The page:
In recent years, U.S. concerns have increased over activities of Hezbollah and the Sunni Muslim Palestinian group Hamas (Islamic Resistance Movement) in the tri-border area (TBA) of Argentina, Brazil, and Paraguay, which has a large Muslim population.
The TBA has long been used for arms and drug trafficking, contraband smuggling, document and currency fraud, money laundering, and the manufacture and movement of pirated goods.
A 2009 RAND study examines how Hezbollah has benefitted from film piracy proceeds in the tri-border.24 The State Department terrorism report maintains that the United States remains concerned that Hezbollah and Hamas sympathizers are raising funds among the sizable Middle Eastern communities in the region, but stated that there was no corroborated information that these or other Islamic extremist groups had an operational presence in the area.
Allegations have linked Hezbollah to two bombings in Argentina: the 1992 bombing of the Israeli Embassy in Buenos Aires that killed 30 people and the 1994 bombing of the Argentine-Israeli Mutual Association (AMIA) in Buenos Aires that killed 85 people. In November 2006, an Argentine judge issued arrest warrants in the AMIA case for nine individuals: an internationally wanted Hezbollah militant from Lebanon, Imad Mughniyah, and eight Iranian government officials, including former Iranian President Hashemi Rafsanjani.
Interpol subsequently posted a Red Notice for Mughniyah, and in November 2007, its General Assembly voted to approve notices for five of the Iranians wanted by Argentina (not including Rafsanjani). The action had been held up since March 2007, when Iran appealed the decision by Interpol’s Executive Committee to issue the notices. In February 2008, Imad Mughniyah was killed by a car bomb in Damascus, Syria. In December 2008, an Argentine judge in a civil suit against the Iranian suspects ordered the attachment of six commercial properties in Argentina owned by a former Iranian cultural attaché who is one of the suspects in the AMIA bombing.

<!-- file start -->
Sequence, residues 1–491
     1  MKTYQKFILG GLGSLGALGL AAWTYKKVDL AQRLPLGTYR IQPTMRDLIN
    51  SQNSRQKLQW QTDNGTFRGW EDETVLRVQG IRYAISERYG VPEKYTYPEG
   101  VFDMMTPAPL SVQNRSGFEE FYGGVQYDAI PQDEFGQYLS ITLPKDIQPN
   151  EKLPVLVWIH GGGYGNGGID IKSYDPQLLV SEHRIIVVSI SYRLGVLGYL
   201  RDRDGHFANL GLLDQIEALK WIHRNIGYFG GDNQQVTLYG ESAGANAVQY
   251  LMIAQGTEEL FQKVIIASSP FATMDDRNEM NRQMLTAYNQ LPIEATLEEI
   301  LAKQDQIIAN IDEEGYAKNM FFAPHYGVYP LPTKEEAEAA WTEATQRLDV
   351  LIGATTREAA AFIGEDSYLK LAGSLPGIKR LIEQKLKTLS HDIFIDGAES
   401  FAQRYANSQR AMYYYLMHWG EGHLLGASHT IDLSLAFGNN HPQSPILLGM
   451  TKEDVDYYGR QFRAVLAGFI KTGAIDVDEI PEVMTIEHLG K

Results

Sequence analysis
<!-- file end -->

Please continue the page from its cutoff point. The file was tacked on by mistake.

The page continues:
According to Argentina’s Special Prosecutor Alberto Nisman, appointed to lead the AMIA investigation in 2004, the AMIA case is still alive and progressing. To date, $1.5 million in Iranian assets have been seized and the seizure of more than $600 million in assets is pending; such funds would help cover restitution to the families of the victims and material damage from the bombing.25
In October 2009, an Argentine judge charged former President Carlos Menem, his brother Munir Menem, former Judge Juan José Galeano, and several other high-ranking former police and intelligence officials with obstructing the AMIA investigation and protecting suspects. In December 2009, an Argentine judge ordered reopening the case of Carlos Telleldín, a mechanic alleged to have prepared the car bomb used in the AMIA attack.26
Over the years, the U.S. Congress has continued to express concern about progress in Argentina’s investigation of the 1994 AMIA bombing, with the House often passing resolutions on the issue around the time of the anniversary of the bombing on July 18.
In the 110th Congress, H.Con.Res. 188 (Ros-Lehtinen), approved by the House by voice vote on July 30, 2007, applauded the Argentine government for increasing the pace of the AMIA investigation, and called upon the General Assembly of Interpol to issue red notices for five Iranians implicated in the bombing; H.Con.Res. 385 (Ros-Lehtinen), approved by the House by voice vote on July 15, 2008, condemned the AMIA bombing, and urged Western Hemisphere governments to take actions to curb activities that support Hezbollah and other Islamist terrorist organizations.
Another resolution, H.Res. 435 (Klein), approved November 5, 2007, by voice vote, expressed concern over the emerging national security implications of Iran’s efforts to expand its influence in Latin America, and emphasized the importance of eliminating Hezbollah’s financial network in the triborder area of South America. In the 111th Congress, H.Con.Res. 156 (Ros-Lehtinen), approved July 17, 2009, again condemns the AMIA bombing and urges Western Hemisphere governments to take actions to curb the activities that support Hezbollah and other such extremist groups.
This article is an edited portion of a longer January 25, 2010 CRS report, Latin America: Terrorism Issues (PDF) prepared by Mark P. Sullivan, Specialist in Latin American Affairs for the Congressional Research Service (CRS).
24 Gregory F. Treverton et al, Film Piracy, Organized Crime, and Terrorism, RAND, 2009.
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